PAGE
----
Gregan taps in to strength to make 400m final
ATHLETICS: EUROPEAN CHAMPIONSHIPSWHEN THREE men turned into the home stretch neck and neck, Brian Gregan took a deep breath, eased his foot on the accelerator, and drove it home. It mightn’t have been the perfect ride but it got him into a European 400 metres final – and that’s good enough for now.
“Yeah, I knew exactly what I was doing,” said the big man from Tallaght, who at 22, has fast matured into one of Europe’s best one-lap runners.
This evening’s final now offers him the chance to make history.
No Irishman has ever medalled in this event, and someone who won’t need reminding of that is David Gillick – the Irish record holder perhaps still haunted by how close he came in Barcelona just two years ago.
With Gillick reduced to a relay leg in these championships, Gregan has certainly grabbed the baton: what unfolds this evening mightn’t be the strongest final in the history of these championships, although it may well prove the closest – and Gregan is definitely among the medal contenders.
He did have to settle for second place in his semi-final, clocking 45.76 behind the 45.66 that gave Pavel Maslek of the Czech Republic the win. Crucially, Gregan held off Janis Leitis of Latvia, who equalled his national record of 45.88 yet still missed a place in the final – as only the top two from the three semi-finals went through, plus the two fastest losers.
“I knew the Latvian was there, made sure to put some pressure on him, then pull through, no problem,” Gregan added. “I got out okay. Not as fast as my heat, but then conditions were a little bit rougher, a bit of rain before the start, and that bit colder standing around.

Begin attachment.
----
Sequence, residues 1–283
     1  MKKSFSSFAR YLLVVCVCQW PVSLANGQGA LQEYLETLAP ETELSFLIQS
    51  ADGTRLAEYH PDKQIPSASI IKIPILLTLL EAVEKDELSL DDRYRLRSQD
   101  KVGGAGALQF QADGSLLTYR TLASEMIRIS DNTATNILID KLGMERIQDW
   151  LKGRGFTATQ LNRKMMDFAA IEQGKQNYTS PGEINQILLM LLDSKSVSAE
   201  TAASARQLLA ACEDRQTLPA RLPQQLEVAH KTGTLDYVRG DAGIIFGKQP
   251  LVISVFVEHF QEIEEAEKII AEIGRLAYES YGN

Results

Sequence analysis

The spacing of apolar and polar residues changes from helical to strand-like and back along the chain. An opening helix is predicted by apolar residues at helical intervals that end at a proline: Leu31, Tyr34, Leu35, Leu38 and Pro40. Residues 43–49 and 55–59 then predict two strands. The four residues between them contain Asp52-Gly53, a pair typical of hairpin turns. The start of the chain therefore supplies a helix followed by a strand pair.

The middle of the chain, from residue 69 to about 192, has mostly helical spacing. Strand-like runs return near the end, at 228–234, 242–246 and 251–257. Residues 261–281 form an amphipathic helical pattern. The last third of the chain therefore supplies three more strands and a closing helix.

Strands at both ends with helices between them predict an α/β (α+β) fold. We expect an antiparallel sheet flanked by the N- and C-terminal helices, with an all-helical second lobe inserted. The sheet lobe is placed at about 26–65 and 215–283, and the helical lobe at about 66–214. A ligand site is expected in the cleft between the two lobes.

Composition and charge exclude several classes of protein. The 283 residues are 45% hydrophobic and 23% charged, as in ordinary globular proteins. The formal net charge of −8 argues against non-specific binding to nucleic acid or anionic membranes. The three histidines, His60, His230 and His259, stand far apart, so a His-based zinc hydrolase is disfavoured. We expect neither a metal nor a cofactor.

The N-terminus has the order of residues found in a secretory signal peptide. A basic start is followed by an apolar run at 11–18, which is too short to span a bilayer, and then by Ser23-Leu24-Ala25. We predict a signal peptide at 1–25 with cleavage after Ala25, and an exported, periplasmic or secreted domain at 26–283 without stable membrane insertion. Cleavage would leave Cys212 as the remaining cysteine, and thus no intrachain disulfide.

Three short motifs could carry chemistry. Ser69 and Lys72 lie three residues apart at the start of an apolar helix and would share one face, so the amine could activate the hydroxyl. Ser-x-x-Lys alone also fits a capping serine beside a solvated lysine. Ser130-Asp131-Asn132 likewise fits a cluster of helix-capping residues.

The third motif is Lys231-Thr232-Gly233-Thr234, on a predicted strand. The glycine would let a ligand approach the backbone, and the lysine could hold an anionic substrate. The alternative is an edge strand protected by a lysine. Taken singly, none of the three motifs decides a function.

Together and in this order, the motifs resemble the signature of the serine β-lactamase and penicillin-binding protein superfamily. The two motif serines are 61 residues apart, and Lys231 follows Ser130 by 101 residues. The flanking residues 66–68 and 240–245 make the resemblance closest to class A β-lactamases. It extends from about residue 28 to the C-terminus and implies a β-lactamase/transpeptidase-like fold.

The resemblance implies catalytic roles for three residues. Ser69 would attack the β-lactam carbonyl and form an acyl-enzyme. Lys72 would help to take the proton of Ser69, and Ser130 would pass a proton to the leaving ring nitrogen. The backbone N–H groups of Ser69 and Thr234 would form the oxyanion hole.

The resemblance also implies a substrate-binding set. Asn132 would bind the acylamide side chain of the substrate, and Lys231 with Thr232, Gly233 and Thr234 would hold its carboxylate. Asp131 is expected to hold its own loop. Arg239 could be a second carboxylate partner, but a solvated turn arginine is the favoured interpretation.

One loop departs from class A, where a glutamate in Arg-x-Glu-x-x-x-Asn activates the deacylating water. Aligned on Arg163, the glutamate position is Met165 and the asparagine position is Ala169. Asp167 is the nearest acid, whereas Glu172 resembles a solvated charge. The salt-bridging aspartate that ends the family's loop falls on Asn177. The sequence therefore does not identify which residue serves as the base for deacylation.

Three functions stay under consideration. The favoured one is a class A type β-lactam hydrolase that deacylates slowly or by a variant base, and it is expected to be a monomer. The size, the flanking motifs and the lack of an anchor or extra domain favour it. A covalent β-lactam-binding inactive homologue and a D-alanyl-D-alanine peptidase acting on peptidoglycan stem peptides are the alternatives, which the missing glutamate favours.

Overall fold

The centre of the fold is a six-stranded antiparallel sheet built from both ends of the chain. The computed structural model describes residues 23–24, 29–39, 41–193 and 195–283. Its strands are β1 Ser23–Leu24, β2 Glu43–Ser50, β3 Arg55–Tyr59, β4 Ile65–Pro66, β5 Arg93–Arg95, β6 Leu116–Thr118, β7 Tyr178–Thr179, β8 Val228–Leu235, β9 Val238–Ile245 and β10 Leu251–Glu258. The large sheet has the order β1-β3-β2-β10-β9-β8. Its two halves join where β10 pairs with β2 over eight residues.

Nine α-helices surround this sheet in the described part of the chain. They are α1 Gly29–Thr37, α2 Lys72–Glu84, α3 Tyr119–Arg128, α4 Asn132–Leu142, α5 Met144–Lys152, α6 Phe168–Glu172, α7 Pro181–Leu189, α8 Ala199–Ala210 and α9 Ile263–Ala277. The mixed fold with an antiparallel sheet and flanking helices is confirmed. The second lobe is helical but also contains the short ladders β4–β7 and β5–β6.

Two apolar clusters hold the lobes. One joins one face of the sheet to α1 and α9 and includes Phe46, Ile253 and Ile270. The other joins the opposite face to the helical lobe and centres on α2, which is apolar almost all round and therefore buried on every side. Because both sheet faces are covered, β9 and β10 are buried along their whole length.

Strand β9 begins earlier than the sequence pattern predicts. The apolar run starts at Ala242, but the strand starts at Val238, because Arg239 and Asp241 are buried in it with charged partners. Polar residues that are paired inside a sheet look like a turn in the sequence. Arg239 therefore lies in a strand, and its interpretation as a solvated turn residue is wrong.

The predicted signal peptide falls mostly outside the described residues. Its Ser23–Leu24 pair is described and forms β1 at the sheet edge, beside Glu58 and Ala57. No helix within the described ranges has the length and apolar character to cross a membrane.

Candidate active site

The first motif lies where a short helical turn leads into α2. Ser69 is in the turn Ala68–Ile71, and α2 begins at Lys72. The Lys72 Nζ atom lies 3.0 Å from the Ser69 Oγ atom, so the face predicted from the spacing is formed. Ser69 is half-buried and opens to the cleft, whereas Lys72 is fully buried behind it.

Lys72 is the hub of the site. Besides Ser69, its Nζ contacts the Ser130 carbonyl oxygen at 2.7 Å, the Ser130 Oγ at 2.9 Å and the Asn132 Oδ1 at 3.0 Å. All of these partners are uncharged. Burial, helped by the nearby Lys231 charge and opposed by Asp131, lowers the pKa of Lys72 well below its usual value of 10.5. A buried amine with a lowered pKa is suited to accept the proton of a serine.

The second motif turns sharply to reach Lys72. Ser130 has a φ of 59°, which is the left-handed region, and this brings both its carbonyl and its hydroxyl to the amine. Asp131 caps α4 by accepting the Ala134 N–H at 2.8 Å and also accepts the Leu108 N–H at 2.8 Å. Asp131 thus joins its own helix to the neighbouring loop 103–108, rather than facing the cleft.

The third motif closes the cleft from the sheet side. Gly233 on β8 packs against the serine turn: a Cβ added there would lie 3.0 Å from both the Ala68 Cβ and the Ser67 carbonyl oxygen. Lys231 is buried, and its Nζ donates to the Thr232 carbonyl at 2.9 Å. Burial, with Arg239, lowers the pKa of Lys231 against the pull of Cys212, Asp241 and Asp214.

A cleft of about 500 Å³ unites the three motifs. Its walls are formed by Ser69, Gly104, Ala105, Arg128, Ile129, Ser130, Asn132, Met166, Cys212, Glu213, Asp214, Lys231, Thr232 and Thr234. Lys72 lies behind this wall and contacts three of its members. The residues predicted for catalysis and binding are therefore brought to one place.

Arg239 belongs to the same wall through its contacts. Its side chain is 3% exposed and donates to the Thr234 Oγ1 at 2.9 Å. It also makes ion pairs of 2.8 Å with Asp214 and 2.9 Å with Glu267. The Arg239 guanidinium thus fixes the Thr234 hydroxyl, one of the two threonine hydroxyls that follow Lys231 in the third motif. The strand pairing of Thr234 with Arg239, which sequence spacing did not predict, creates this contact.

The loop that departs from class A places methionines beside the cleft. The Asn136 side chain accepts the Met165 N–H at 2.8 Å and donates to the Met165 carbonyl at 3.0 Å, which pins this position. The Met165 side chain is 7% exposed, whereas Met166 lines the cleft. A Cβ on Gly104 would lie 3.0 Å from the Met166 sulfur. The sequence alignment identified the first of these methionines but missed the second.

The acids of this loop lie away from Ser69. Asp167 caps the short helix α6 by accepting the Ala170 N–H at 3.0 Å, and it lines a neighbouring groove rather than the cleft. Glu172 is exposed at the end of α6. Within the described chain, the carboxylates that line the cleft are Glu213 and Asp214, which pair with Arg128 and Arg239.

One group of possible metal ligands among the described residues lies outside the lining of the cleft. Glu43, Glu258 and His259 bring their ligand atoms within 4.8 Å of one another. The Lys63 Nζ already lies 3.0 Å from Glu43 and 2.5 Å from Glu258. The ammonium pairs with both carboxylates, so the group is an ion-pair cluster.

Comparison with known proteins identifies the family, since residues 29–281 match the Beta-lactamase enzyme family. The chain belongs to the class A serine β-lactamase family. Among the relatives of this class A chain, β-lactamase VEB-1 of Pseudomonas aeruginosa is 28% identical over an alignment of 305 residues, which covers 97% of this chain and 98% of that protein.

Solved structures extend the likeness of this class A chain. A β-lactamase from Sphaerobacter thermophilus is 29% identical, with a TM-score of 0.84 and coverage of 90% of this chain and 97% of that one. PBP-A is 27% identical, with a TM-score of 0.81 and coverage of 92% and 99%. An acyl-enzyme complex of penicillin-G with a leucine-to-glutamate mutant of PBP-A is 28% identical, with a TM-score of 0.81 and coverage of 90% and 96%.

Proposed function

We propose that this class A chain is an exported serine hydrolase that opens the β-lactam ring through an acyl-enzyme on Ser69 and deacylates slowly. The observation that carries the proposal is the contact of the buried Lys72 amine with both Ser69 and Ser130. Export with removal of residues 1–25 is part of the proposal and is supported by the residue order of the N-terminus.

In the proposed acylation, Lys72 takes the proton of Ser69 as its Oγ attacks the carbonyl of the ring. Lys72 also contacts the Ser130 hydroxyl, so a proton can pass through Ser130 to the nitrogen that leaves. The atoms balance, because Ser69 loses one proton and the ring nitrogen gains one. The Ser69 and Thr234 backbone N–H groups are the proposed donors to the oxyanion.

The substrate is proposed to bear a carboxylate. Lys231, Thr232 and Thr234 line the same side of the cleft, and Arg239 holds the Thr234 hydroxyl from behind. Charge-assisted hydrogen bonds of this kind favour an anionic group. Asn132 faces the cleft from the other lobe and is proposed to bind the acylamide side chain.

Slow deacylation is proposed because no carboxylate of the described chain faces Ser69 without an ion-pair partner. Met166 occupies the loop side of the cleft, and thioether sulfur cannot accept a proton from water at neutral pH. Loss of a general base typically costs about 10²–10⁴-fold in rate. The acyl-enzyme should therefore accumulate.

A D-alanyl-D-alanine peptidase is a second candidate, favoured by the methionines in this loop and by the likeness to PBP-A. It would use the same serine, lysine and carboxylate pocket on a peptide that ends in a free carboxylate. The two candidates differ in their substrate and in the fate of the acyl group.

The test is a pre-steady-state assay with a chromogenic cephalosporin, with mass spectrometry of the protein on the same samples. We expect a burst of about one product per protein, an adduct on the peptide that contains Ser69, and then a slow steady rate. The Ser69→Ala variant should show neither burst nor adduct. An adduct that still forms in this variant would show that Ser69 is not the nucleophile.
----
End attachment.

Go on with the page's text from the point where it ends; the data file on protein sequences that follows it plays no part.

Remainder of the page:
“I just got myself in contention with 150 to go, and my strength then is my strength. So happy days, into the final, and my second fastest time ever. I’m starting to show consistency as well. And I think there is more there. We’ll see. I’ll probably go out a little bit faster in the final, and just see what happens. All I can do is go for it.”
The final sets off at 7.25pm (Irish time), and along with Maslek, Marco Vistalli of Italy and the Hungarian Marcell Deak-Nagy have the confidence of winning their semi-finals, all eight finalists must consider themselves medal contenders. Gregan will also have one eye on that 45.30 A-standard for London.
Also looking forward to a first European Championship final, at age 34, is Stephanie Reilly, the sole Irish entrant in the women’s 3,000m steeplechase, who eased into tomorrow’s final by running the second fastest time of her career, 9:44.15. That was good enough for sixth in her heat – and just two seconds off her lifetime best of last year, which also qualified her for London.
“The goal was always to get into the final, at the same time focus on my own race. As long as I stuck to my own pace I always knew I had a chance. I stuttered a little on the last lap, and if it wasn’t for that I might have broken 9:40.”
The former 400m hurdler, now based in the US, only started back jogging after their son was born, and also works full-time as a coach in Bryant University, in Rhode Island, “So I can only train once a day. But then I don’t know if I could train full-time anyway. I think I’d go a little berserk. I’ve great support from my husband, so it’s a good team, the Reilly clan.”
However there was disappointment for Tori Pena after she missed out on a place in the final of the women’s pole vault: despite clearing 4.15 and 4.25 on her first attempt, Pena failed three times at 4.40 metres, below her personal best of 4.52, and with that missed the cut of the top 12.